About four months ago a new computer training centre called Qusol Integrated opened up at 26A Prince Anwar Shah Road. “So what’s the big deal,” you may ask. After all, computer education centres are a-dime-a-dozen these days. In fact, so ubiquitous are they, you are likely to find one in every street corner.
Vikram Sen, managing partner of Qusol Integrated himself doesn’t deny it, admitting that there are close to “80 large computer education centres (including chains and franchisees of such brand names as Brainware, CMC and NIIT) and hundreds of smaller ones in the city of Calcutta”. And, according to him, “this number is still growing”.
But then, having said that, he goes on to claim that “Qusol Integrated is very different!” Lets ask him, “How so?”
The unique selling point or the USP of Qusol Integrated, according to Sen, “is the totally new and modern method of computer education which we conceptualised and are now executing through our programmes”.
This new method, he explains, “is teaching students to become completely independent as far as dealing with computer technology is concerned”. He explains, “We noticed that in most computer training centres, basic computer training involves a set course, often backdated, which converts a layman into at most a Microsoft Office-savvy layman.”
At Qusol Integrated, he points out, the focus of the training is not just on teaching specific software programmes or providing training in understanding hardware, but “leading even the most technologically-challenged person to becoming computer savvy”. What this means, explains Sen, “is that over and above the software and hardware training courses, we also teach anyone enrolled with us to be able to apply modern computer technology to their day-to-day requirements.”
That is, on completion of a course at Qusol Integrated, you can not only expect to have gained knowledge as far as specific software programmes are concerned, but you can also expect to be able to understand the hardware of your PC. This includes, being able to take your PC apart and re-assemble it — if there is a problem — after having identified and solved the problem.
In fact, explains managing partner, Niloy Ghosh Dastidar, “This applicability of computer technology to modern daily life is something that our programmes at Qusol Integrated are designed to tackle.” So, starting from how to transfer photos from your camera to your personal computer and digitally re-mastering (doing touch-ups) them to loading the OS (the operating system — such as Microsoft Word or Linux — of your computer) to tackling a virus attack, you are going to be able to do it all! “In short, we combine hardware, multimedia, web and software training in our basic courses.”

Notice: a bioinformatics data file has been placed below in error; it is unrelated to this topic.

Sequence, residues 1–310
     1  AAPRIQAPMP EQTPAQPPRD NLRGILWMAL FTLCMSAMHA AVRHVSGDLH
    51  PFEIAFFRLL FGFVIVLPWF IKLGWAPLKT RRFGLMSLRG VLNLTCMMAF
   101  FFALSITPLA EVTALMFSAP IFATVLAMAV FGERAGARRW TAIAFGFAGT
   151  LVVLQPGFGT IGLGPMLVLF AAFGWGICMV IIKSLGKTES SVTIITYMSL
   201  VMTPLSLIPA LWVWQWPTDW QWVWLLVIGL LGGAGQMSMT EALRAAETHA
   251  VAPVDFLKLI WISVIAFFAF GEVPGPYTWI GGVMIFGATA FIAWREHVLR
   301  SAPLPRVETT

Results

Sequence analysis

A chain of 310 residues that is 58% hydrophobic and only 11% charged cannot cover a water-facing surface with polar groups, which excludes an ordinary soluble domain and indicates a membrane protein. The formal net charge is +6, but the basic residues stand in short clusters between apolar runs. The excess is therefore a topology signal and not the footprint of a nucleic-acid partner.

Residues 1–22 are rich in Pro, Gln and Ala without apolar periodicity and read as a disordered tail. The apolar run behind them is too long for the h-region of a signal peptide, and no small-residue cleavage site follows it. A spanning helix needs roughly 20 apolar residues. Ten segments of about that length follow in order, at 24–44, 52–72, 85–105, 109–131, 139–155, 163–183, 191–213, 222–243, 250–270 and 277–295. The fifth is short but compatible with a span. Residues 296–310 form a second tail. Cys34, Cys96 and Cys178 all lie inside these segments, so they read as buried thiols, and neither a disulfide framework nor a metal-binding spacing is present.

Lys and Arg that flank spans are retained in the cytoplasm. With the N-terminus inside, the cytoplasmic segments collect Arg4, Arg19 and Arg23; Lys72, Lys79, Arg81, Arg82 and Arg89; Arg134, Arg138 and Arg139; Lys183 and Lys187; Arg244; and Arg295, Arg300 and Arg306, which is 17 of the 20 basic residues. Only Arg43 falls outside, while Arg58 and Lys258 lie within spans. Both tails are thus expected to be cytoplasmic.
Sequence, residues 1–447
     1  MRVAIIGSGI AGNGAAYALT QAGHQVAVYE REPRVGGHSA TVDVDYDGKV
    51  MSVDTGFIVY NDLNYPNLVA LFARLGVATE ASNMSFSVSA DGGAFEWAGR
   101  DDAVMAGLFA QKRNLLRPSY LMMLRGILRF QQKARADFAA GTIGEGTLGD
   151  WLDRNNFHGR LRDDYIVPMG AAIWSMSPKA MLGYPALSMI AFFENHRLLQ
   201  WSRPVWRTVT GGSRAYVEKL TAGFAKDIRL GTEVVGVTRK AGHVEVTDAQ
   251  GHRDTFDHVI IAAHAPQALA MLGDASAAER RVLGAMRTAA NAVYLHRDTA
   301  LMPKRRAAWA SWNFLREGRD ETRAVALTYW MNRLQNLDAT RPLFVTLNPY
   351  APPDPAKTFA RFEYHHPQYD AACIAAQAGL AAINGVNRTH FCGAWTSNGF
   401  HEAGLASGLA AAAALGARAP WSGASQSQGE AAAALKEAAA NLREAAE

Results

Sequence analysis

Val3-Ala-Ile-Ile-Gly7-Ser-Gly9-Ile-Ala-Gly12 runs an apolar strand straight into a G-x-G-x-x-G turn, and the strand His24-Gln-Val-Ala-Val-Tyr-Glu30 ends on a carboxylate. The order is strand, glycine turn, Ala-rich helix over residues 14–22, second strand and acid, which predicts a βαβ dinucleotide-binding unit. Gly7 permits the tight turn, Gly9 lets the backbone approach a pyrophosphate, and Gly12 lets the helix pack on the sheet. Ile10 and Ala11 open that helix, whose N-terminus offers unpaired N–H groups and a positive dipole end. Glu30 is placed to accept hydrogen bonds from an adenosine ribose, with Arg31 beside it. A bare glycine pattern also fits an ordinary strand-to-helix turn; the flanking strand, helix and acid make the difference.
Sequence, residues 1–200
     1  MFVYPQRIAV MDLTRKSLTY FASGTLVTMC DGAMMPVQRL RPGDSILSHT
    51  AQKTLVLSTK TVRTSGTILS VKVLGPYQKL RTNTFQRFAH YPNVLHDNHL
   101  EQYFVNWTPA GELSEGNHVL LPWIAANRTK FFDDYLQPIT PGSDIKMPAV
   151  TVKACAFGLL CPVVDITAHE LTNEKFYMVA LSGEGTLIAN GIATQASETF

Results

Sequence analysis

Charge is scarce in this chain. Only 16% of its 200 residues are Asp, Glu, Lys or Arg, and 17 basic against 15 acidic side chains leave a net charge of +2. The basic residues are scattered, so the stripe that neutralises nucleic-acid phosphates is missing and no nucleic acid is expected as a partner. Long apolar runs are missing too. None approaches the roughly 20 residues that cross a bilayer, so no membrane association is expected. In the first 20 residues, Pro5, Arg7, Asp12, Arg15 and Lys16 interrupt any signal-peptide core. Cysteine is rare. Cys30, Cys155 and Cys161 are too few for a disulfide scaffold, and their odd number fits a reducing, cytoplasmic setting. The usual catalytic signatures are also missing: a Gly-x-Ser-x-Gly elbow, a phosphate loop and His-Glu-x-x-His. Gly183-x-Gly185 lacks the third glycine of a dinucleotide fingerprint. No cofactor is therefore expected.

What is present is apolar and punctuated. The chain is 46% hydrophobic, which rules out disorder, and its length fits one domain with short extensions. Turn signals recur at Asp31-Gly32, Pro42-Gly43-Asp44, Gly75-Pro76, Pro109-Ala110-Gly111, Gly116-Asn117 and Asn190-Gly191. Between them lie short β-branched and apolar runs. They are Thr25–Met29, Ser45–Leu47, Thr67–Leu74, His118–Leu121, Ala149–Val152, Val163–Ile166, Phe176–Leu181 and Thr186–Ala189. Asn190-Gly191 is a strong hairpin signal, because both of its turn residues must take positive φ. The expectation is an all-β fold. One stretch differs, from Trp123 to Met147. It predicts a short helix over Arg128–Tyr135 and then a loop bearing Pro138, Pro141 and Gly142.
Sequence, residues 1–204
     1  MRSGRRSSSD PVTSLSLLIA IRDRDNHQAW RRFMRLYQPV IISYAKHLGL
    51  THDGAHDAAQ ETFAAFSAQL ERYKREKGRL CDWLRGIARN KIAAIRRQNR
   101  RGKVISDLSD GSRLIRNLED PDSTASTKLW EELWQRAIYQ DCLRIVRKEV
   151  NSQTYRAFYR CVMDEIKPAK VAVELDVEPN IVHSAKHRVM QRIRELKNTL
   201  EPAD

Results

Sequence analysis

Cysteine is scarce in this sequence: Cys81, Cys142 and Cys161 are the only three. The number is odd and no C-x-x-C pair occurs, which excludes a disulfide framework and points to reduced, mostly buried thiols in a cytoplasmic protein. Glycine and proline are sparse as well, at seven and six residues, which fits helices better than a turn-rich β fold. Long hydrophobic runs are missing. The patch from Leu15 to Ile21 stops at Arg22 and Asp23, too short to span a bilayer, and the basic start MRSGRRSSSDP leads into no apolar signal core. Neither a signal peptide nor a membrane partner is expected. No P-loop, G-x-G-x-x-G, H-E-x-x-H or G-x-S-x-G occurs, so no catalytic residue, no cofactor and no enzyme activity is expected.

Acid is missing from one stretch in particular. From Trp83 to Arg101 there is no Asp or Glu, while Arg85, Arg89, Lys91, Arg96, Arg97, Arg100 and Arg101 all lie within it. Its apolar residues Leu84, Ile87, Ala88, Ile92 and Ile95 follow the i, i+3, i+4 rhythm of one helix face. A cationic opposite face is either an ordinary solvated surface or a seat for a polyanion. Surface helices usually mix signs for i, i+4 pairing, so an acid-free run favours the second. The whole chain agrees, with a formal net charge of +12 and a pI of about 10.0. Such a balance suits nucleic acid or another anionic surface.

But that’s not all. According to the managing partners, there is a great deal of emphasis on the individual and his or her unique learning requirement based on his or her speed of learning and area of interest.
Without going to the extent of calling the courses customised, Sen emphasises that there is a great deal of “personalised attention”. He says, “We tweak the courses according to the requirement of our students who vary from a retired octogenarian to a ten-year-old boy.” In fact, though there is no specific criterion for applying to Qusol Integrated, there is an interview at the time of enrolment to determine your specific needs, strengths and weaknesses, to help choose the kind of programme suitable for you.
At the moment there is one faculty member to every four students and according to Sen, “We intend to keep the classes short because the personalised attention is very important.”
This is something that made 28-year-old Partho Chatterjee, a student at Qusol Integrated, choose this institute over others. “I was shocked to see the crammed classes when I went to check out some other computer training centres.
That kind of homogenised teaching really put me off. I wanted to be able to go at my own pace, ask questions when confused instead of worrying about slowing the rest of the class down. For me the individual attention that I get here is important.”
Right now the faculty consists of two full- time and one part-time professionals with one of the three managing partners — Kaustav Ghosh Dastidar — also stepping in to teach if the need arises.
“But as our classes get bigger, more faculty members will have to be recruited and at the rate we are going, that will have to be soon,” laughs Sen, clearly happy with the institute’s success so far.
In fact when the IIM Joka graduate thought about opening up a computer education centre using the 950-square-foot space belonging to his parents, he simply could not envisage the rapidity with which the institute would grow. Apart from the two main computer rooms and the administrative office, the centre also has a counselling room and a pantry.
WHAT IS IT?
A computer academy.
WHO’S THE BOSS?
Vikram Sen, Niloy Ghosh Dastidar and Kaustav Ghosh Dastidar are the managing partners.
What is its USP?
Where is it?
26A Prince Anwar Shah Road, Calcutta-700033.